Many women also lack self-confidence and, in many cases, they also lack the literacy and numeracy skills needed to operate a phone. Those that own phones often use only voice with little use of SMS and almost no usage of smartphone services. We have found that using intermediaries - whether mobile enabled MFIs, mobile health workers or Community Knowledge Workers (CKWs) - helps to overcome these barriers to access. Technology alone is not enough and having an early adopter or role model train others and contextualize products or services can form an important bridge to the rural household. It is also important for operators to design marketing campaigns and collateral that focus not only on what they are offering but also how it works. Educating the market needs to be balanced with building awareness in this emerging segment. A recent Grameen Foundation case study on a collaboration to reach women savers over the mobile phone through Cashpor, found that – especially with sensitive financial services delivered over the phone – a microfinance institution can play an important role in helping women overcome barriers to access. Interestingly, it noted that the children in the households were earlier adopters of the technology and could support women as they learn to use new products and services. Furthermore, we have found that the best recruiters of women are themselves women. It builds confidence when women see a community leader – someone like me – become a role model. PT Ruma recruits only women, our MOTECH work in Ghana focuses on midwives and our CKW program has built a strong gender strategy to encourage women micro-entrepreneurs to take up our micro-franchise business in a box.
Finally, the affordability, relevance and ease of use of products and services are key drivers for uptake. Sometimes counter-intuitive gender differences exist, making research and user-centered design absolutely important. For example, I recently participated in a user-centered design co-creation workshop for a mobile commitment savings product in Uganda. When men and women were asked about the service both were very sensitive to price and concerned about the fees. But, when it came to liquidity, women wanted greater access to their savings and fewer penalties for early withdrawal. When we probed further, the men said it was hard to hold on to money especially on weekends, while women said they often needed fast access to cash when their family or children fell sick.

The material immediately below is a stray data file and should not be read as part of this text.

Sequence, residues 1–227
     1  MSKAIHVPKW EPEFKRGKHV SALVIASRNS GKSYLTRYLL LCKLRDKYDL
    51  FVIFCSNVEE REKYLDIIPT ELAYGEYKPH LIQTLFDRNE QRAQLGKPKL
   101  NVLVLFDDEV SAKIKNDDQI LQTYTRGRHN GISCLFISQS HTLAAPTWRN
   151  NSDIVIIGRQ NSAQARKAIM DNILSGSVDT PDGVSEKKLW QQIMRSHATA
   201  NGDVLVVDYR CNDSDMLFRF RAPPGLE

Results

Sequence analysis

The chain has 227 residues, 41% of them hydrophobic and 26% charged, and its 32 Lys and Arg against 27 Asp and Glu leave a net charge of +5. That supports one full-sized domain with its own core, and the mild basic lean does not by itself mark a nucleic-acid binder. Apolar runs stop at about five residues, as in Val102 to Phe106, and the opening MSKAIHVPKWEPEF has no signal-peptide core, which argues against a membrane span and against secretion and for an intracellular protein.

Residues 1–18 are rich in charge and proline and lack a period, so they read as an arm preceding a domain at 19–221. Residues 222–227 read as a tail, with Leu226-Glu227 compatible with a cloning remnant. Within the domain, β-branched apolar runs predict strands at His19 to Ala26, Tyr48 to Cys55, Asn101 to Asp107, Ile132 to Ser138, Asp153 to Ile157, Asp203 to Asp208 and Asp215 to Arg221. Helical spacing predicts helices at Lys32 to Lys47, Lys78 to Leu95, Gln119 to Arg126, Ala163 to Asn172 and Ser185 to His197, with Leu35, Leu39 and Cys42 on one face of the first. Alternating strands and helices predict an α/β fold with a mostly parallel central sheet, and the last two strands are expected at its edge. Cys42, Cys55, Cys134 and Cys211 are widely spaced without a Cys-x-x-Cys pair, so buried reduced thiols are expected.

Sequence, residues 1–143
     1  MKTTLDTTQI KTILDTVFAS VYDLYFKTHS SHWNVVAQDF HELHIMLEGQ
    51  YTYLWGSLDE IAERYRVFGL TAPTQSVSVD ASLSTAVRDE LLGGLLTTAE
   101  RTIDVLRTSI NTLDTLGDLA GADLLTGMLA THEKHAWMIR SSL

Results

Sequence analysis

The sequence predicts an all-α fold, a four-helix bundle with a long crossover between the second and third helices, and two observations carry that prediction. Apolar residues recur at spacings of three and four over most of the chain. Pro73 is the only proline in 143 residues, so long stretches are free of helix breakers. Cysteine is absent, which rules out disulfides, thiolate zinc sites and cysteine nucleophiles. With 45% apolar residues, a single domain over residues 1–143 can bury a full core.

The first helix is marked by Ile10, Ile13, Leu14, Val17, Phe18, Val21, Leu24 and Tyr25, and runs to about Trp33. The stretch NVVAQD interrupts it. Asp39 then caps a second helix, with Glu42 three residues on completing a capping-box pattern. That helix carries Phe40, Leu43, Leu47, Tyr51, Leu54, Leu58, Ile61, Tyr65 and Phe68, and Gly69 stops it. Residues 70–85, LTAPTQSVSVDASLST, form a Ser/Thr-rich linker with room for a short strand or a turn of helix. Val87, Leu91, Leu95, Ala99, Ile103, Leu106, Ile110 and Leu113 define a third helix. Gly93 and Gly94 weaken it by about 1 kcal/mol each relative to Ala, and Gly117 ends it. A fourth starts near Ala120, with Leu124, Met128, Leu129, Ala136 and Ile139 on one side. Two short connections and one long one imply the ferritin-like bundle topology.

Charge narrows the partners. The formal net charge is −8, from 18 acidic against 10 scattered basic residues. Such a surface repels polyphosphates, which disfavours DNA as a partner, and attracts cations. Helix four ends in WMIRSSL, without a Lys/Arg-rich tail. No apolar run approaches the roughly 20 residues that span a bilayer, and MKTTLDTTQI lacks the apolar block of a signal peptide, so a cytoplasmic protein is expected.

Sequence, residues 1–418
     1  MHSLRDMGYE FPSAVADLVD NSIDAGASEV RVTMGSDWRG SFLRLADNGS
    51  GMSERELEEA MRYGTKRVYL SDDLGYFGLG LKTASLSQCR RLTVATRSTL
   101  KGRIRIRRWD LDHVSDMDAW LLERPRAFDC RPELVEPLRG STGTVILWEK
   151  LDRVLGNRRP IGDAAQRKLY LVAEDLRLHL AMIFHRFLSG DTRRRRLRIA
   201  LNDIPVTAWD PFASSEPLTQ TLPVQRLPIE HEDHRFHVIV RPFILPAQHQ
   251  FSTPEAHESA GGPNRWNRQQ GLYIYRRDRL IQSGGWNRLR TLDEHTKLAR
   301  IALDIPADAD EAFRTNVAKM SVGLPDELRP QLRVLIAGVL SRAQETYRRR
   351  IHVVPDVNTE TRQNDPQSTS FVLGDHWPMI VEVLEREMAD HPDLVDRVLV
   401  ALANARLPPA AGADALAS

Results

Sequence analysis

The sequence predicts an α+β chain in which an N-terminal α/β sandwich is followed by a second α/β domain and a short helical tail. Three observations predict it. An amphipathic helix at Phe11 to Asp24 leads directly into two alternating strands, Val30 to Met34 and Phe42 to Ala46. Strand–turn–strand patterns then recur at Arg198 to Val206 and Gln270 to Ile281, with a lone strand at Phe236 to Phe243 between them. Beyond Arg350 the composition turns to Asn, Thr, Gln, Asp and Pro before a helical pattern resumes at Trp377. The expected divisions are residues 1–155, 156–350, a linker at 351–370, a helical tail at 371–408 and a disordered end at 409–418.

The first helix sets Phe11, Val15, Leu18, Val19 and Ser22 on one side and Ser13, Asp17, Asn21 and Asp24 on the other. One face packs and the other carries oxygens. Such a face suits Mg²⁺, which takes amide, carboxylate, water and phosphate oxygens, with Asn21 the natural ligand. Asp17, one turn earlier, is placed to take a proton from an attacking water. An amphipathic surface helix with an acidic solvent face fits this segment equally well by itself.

And the winner is….
This year’s award went to Asiacell for its Almas Line, which provides mobile services to women in Iraq. It used consumer insights data to design a suite of services tailored to the women’s needs. Of note was a free service that allows women to block calls or texts from potential harassers. The most compelling aspect of the Asiacell service was a television campaign that targeted women but also spoke to men by portraying the services as linked to deep traditional values. Asiacell’s women subscribers grew to 3.5 million within 16 months – just as many female customers as it had in its first 11 years of operations. This clearly demonstrates that consumer insights, a solid offering focused on women, and creative excellence can help drive usage of mobile services. I was honored to be a judge at the GSMA Awards and to serve on the esteemed GSMA mWomen Panel. The GSMA has done an excellent job in highlighting the needs of the poor, especially women, and has shown the business benefits of bridging the gender gap, as well as the strong potential for social impact of the use of mobiles among women.